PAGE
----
Keep Moving- Part I
“But I discipline my body and bring it into subjection, lest, when I have preached to others, I myself should become disqualified.
-I Corinthians 9:27 (NKJV)
We would half-heartedly repeat this verse every lap around the trail. It was pitch black, cold, sometimes raining, and I didn’t want to be elevating my heart rate this early. Actually, I didn’t like exercising period.
It was 2019. I was in Garden Valley, TX. Each morning at 5:00am it was time to exercise & do our mile run. I hated it. At 19 years old, I liked to sleep more than I liked exercise. I still do not like to exercise that early in the morning. Naturally, I am a night person. My mind becomes alert & awake & I do my best thinking at this time. That has been this way as long as I can remember. However, I knew these early morning moments were absolutely needed. I knew I had to get up & get moving. Not only was it required in my internship but I wanted to be able to climb that 14,115′ mountain in one day. The experience of a lifetime was only a few months away and I needed to get in shape to be able to perform this feat. The air was thin up there & I had to build my cardiovascular to accomplish the challenge before me.
All of us interns loaded in the buses and began our journey to Colorado Springs, Colorado. We arrived at the YMCA camp (https://ppymca.org) in the Rockies just a short drive from Pikes Peak. Here we’d spend a day acclimating to the thinner air. It was a much different feeling to hike around with less oxygen than on the trails in Texas. I was thankful I pushed myself to build my lung capacity each morning up to to that point!
Climb day was here. We began the first half of the hike before sun up. We were at the base of the mountain & we got to watch the sun rise as we paced ourselves at a pretty good clip in order to get halfway by lunch time.
A few hours after our ascent it was time for our PB&Js & lots of water. We made it to the half way stop! Everyone was straggling in but the whole few hundred of us made it. We had about 20 minutes to rest & get geared back up with our daypacks to start the rest of the journey. Looking up, things were about to get a whole lot more difficult. The terrain was quickly changing.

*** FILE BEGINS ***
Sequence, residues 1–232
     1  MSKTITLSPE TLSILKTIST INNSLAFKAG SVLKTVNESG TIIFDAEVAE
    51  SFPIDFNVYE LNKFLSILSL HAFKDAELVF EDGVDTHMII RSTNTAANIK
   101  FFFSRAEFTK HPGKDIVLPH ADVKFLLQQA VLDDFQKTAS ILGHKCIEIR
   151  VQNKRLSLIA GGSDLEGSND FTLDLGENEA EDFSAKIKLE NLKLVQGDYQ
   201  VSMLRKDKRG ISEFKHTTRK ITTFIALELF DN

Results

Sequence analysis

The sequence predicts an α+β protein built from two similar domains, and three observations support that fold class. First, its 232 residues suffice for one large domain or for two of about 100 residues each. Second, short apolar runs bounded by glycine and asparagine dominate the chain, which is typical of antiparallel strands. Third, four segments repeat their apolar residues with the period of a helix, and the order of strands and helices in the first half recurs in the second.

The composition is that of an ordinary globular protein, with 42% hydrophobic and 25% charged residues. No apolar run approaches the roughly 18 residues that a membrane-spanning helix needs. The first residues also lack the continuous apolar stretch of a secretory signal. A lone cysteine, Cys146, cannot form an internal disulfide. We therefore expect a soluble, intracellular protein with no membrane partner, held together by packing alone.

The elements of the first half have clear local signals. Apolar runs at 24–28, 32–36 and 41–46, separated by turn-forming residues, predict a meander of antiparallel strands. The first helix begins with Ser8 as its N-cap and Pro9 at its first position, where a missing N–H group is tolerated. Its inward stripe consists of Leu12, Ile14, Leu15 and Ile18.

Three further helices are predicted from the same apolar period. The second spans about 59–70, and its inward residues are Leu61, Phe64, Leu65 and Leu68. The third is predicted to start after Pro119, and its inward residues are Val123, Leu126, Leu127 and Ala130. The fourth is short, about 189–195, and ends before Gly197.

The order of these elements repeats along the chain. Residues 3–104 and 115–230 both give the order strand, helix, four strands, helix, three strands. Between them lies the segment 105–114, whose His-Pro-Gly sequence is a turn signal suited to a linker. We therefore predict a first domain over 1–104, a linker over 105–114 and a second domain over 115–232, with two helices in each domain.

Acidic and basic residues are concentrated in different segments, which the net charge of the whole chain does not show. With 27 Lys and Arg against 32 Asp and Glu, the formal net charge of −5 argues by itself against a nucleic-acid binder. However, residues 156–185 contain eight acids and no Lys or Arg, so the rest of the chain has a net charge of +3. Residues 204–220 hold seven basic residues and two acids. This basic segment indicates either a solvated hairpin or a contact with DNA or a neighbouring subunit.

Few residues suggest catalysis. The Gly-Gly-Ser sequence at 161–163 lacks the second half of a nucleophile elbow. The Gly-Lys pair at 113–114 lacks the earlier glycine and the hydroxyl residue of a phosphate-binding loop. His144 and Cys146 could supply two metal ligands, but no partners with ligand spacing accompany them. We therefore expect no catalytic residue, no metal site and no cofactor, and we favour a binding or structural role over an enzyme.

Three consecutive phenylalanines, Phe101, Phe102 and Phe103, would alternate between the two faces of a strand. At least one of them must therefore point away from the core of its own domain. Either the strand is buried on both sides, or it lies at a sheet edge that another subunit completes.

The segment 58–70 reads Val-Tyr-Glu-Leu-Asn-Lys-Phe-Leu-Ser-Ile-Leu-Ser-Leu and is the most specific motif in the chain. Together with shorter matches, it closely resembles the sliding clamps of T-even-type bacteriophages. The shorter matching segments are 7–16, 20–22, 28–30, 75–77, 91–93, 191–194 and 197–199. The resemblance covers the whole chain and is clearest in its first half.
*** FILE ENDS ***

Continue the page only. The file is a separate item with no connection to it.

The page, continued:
Here is where we would be put into groups of about 5-6 of us to ensure we could help one another if something went wrong. We could help if there was an injury & provide first aid or just rely on one another for encouragement. Not all of us were equal in conditioning. Some had injuries, conditions, and some were in better shape than others. In the beginning the trees were tall & the forest was thick. About an hour in, the trees began to thin out, the expanses became wider, & the terrain much steeper. The group began to thin out as well with the thinning forest. The air was much thinner too & each step became more labored. Soon we began passing groups that were sitting down. Some had to turn back already because of complications.
Keep moving. This became our motto. Individuals kept wanting to stop & sit. When certain sections of the climb became steeper with loose ground on the trail or when they couldn’t breathe, they wanted to sit & catch their breath. We would allow them to stop, breathe & get some water, but sitting was never allowed. We saw some that couldn’t bring themselves to get back up. Keep moving was the only option.
After hours, we finally arrived to the base of the switchbacks & could see the snow covered peak of the mountain. Our finish line wasn’t too much further ahead but the most difficult part of the climb was before us. Our breathing was heavy labored & baby steps was the name of the game. I could see ahead there was one lone climber. He was a little overweight & his group had pulled ahead of him because he couldn’t keep going.
“What do we do?” we asked amongst ourselves. He couldn’t go on & we couldn’t leave him there by himself. Mentally, he was done. His body wouldn’t move and he wanted to turn back. At this point turning back meant being stuck in the dark on a mountain in Colorado with wildlife and no survival gear for the night. It was springtime which meant it was still pretty cold, especially at night on a mountain in Colorado!
(Conclusion & lessons learned next post…)
About the Author
David Grimm and his wife, Kelly, own Chick-fil-A on University Avenue in West Des Moines, Iowa. David and Kelly have been in the restaurant business since 2011. They opened Chick-fil-A in 2015 and have grown the University Avenue location by more than 250% since they started. David is incredibly proud of his top-notch team, quality products, and most of all, the remarkable guest experience his team provides on a daily basis. Since 2015, his location has donated roughly $1 million to the community and team through food donations, support, and education assistance. David and Kelly love being able to live out their faith through their words and deeds every day. They have four children and live in West Des Moines, Iowa.